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Mugabe is biggest poacher, says Zimbabwe Conservation Task Force
[The Zimbabwe] Government has been exporting baby elephants, mostly to China, claiming that this would help generate revenue for the country - but it is not clear that the money ever actually gets to the treasury.
Johnny Rodrigues, ZCTF chairman, said Mugabe and his wife, Grace, were among the worst offenders in the scam involving the abuse and ill-treatment of wildlife.
Reports indicate that Zanu (PF) supporters will be fed on game meat during Mugabe’s 91st birthday celebrations in Victoria Falls, one of the areas hardest hit by poaching.
“Many wild animals will be killed to celebrate Mugabe’s birthday. That is a scandal! The president is the biggest poacher, alongside his wife,” said Rodrigues. He accused Grace of arm twisting the parks and wildlife department to build a fence at her Mashonaland Central wildlife farm where she intends to accommodate hundreds of wild animals.
“She is not buying a single animal. All those animals that will be put on her game reserves will come from National Parks yet she is going to make a killing out of the business of keeping the wildlife,” he added. Grace has evicted hundreds of families from Panzou farm in the province to make way for the game sanctuary. Rodrigues said government would soon export more baby elephants despite their petition that has been signed by about 1.5 million people.
Twenty seven elephants are destined for Thailand in the coming days - part of an order for 100. Nine will be going to the United Arab Emirates (UAE) and 80 more will follow, said Rodrigues, while China will receive hundreds others.
Government officials say one elephant fetches between $40,000 and $60,000, but the figures are suspected to be higher.
Rodrigues said the ruling elite that includes politicians and securocrats benefited most from the sale of wildlife while local communities do not get anything.
Full story at www.thezimbabwean.co/news/zimbabwe-news/75025/mugabe-is-biggest-poacher-says.html
Image: This elephant, exported from Zimbabwe in 2012, now lives alone at Taiyuan Zoo in cold north-central China (c) Change for Animal Foundation ... See MoreSee Less
7 hours ago ·
China and the rosewood carve-up
- The ancient forests of Southeast Asia are being razed to supply growing Chinese demand for prized ‘red timbers’ -
... Rosewood and other luxury timbers have become a metaphor for a rapacious age in Southeast Asia. From gems to water, Mekong countries are seeing resources sucked up by their giant neighbour to the north. The Siamese rosewood is now so threatened that in 2013 it was placed on the endangered list by the Convention on International Trade in Endangered Species of Wild Fauna and Flora (Cites).
A report published last year by the Environmental Investigation Agency, a UK-based non-governmental group, said Chinese demand for prized red timbers, known as hongmu, which include Siamese rosewood, began to rise in the run-up to the 2008 Beijing Olympics and has exploded since. In 2011, EIA investigators found a rosewood bed selling in Shanghai for $1m. By March 2014, demand and stockpiling had forced up prices by more than a third in a year, to in excess of $17,000 per tonne. Market spikes can push the price as high as $80,000. “Over the past 10 years, demand in China for luxury reproduction wood furniture and cultural artworks rooted in Ming and Qing dynasty aesthetics has soared,” the report said. “The increasing rarity of the timbers involved has led to dramatic price rises, exacerbated by a flow of hot investment money.”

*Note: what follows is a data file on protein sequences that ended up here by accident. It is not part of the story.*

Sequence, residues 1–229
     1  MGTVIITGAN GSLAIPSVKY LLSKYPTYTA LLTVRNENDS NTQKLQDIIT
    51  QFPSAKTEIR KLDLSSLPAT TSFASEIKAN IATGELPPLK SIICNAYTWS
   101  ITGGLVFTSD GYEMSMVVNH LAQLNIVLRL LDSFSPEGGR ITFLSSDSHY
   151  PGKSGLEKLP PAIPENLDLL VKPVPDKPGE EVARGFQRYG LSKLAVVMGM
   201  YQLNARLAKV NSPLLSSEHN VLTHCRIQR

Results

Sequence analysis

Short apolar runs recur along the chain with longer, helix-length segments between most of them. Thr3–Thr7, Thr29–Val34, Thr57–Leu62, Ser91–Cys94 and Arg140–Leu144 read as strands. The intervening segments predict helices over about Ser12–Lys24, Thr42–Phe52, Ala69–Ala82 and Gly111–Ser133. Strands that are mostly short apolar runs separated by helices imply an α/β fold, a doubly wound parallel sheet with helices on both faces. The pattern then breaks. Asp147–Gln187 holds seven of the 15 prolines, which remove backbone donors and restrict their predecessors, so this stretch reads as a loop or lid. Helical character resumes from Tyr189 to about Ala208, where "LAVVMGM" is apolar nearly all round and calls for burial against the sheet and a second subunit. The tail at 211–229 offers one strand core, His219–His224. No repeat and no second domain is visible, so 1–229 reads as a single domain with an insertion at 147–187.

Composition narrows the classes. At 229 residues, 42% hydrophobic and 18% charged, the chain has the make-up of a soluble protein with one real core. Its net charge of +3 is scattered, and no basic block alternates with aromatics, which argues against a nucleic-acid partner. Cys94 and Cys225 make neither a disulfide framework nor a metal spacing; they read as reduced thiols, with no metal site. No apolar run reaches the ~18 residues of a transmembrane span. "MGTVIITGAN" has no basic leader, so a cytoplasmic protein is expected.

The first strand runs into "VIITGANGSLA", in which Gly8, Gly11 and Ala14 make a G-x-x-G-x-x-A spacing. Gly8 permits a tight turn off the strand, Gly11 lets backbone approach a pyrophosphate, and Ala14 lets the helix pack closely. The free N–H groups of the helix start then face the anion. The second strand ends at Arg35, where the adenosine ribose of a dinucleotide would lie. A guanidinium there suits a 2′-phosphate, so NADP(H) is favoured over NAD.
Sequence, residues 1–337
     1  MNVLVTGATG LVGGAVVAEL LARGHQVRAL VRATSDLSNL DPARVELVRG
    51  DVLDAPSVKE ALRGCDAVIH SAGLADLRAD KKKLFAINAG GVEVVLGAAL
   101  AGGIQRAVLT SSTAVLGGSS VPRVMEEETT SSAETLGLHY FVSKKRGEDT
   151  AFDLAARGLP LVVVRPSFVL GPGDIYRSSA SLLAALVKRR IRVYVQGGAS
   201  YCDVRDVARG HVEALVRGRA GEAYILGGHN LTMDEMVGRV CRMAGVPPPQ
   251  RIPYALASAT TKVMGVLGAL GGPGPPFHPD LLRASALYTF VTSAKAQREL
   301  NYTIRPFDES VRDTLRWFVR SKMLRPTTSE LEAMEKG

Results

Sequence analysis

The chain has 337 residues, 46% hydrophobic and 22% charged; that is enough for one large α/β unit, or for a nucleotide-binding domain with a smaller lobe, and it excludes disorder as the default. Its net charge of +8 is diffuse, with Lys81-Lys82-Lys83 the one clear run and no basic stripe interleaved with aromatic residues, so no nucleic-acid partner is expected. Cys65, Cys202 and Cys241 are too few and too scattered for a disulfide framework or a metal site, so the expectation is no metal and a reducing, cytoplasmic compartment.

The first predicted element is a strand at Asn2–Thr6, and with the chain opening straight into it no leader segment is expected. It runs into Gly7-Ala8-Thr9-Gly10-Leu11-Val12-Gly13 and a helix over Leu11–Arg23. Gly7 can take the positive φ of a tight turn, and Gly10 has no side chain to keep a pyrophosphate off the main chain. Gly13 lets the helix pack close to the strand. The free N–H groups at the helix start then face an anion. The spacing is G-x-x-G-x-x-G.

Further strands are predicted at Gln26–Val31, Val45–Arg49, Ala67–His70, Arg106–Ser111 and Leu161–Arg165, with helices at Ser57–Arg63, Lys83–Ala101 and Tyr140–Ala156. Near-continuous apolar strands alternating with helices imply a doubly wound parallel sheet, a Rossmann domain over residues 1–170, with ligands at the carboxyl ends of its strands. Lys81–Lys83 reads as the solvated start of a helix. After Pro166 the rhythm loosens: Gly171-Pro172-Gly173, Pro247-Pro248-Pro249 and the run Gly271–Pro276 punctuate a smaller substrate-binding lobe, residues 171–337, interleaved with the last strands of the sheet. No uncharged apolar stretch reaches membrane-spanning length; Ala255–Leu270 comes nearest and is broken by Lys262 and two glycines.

While some of this wood comes from turbulent states outside Asia, notably Madagascar, the bulk of Chinese hongmu imports are thought to come from Myanmar, Thailand, Laos, Vietnam and Cambodia. The trade has flourished in an area of porous borders and conflict zones. In the Myanmar border state of Kachin more than 100 suspected Chinese loggers were detained in January. In the same month the Thai authorities announced they had seized 30 shipping containers that contained logs cut in Thailand, sent to Laos for false labelling and then returned to Thailand for onward shipment to China. (The Laos state media claimed that only seven small pieces of rosewood were found.) The business also reaches deep into officialdom: on February 12, a Thai court sentenced Pongpat Chayapan, a former head of the country’s Central Investigation Bureau, to nine months in jail for possessing illegal rosewood.
“The timber mafia is winning this nasty war,” says Tim Redford, a programme director at Freeland, a Bangkok-based environmental NGO. “More attention must be paid to this crisis, because these gangs are going to destroy these forests, one species at a time.”
Full story at www.ft.com/cms/s/2/5134ca48-bd41-11e4-b523-00144feab7de.html
Image: Carving in rosewood furniture, China (c) EIA ... See MoreSee Less
8 hours ago ·
Spring feels right around the corner, training regimes are stepping up a notch - it must be nearing time for the London Marathon.
On April 26, Franziska Dieterle will be running the iconic 26.2-mile route for EIA to raise funds to help our work exposing and opposing environmental crime.
You can sponsor her by making a donation through her JustGiving page at www.justgiving.com/franziska/.
Every pound she raises will go directly towards our unique investigations and campaigns.
#LondonMarathon ... See MoreSee Less
1 day ago ·